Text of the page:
Friday, December 23, 2016

Setup SQL Server session state for a web farm

It takes a bit of digging around to get all the information needed to setup out-of-process session state for an ASP.NET web farm. There are a couple of decisions that you need to make and then you need to configure the database and the application. This post explains all this using a real-life project.

The situation

I'm currently working on a project for a large medical center. There is a strong obligation to the public to be always online, especially in case of a large scale emergency.
This leads to interesting choices in infrastructure for their website: everything is redundant and split across multiple locations across the campus.
The database is a SQL Server Availability Group.

Picking the right session state provider

  • In-Process
    Really only suitable for small applications that run in a single server instance.
  • Session-state server
    A TCP service that is hosted on a single server within the infrastructure.
    Since this introduces a single point of failure, it's no good for this project.
  • SQL Server session state
    Stores session state in the database, either persistent or in temporary storage.
    This is a great pick for a web farm but dus incur additional load on your SQL Server installation
  • Redis session state
    This is the new kid on the block for ASP.NET. Since the medical center is a Microsoft shop and has already invested a lot in top-notch SQL performance, this would only incur technical risk and additional costs for infra.

SQL Server session state, but what flavor?

Putting ASP.NET session state is supported very well, there's tooling to set it up for you but before we dive into that there's yet another consideration.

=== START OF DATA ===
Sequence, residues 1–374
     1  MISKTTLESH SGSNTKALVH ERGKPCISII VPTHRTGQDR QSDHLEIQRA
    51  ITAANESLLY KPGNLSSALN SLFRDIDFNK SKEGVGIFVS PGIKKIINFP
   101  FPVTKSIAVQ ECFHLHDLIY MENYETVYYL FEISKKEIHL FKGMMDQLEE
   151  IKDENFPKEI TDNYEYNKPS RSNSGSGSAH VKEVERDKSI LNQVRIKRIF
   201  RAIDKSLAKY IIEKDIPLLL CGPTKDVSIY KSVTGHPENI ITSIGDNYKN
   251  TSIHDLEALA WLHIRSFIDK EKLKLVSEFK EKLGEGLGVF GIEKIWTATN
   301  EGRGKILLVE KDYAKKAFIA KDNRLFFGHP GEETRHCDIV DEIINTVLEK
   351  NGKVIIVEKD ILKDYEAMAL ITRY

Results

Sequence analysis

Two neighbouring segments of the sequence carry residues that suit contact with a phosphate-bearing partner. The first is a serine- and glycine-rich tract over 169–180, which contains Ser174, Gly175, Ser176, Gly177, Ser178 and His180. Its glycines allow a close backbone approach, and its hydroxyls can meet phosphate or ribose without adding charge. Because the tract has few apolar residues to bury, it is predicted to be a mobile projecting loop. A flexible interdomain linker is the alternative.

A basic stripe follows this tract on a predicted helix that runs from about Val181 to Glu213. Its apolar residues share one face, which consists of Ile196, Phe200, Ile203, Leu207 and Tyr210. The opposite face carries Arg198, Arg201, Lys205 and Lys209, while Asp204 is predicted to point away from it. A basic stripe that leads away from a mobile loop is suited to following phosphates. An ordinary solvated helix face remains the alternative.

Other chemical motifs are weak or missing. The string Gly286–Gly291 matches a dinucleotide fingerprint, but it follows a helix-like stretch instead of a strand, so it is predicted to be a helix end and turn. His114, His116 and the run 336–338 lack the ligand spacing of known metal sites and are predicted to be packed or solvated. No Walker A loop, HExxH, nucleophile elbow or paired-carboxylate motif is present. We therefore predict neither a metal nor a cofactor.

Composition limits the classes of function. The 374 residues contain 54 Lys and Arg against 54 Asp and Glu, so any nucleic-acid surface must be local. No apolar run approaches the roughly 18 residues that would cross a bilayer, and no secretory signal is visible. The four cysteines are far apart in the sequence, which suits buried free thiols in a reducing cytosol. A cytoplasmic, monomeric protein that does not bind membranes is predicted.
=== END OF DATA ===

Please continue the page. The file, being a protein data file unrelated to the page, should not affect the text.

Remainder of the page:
Where to put the session state:

  • Application database
    This would add a couple of tables to the application database and a bunch of stored procedures. It could be a nice fit when hosting at a shared provider and the additional cost of an extra database is not desired.
  • Session state in TempDB
    Session state data is transient by nature so TempDB, which gets cleared on a server restart and will not be replicated to other SQL Server instances seems like a good idea. You can choose to put the TempDB on a different drive from the application db which could help squeeze more IOPS out of your server. Not writing through to the rest of the cluster may also help improve write performance, but this will also cause loss of session state when the cluster needs to fail over, for example due to maintenance.
  • Session state in it's own database
    This mode will store session state in permanent storage and replicate it across the cluster. That's a performance penalty but gives more guarantees for seemles failover when needed.
    The fact that this database is separate from the application allows to easily make different decisions about IT management, for example about backups or even hosting the session state database on a different database instance.
    This is the best match for this project.

Configuring session state

Once we decided on where to store the session state we had to roll out the configuration in our environments. These are the steps to follow: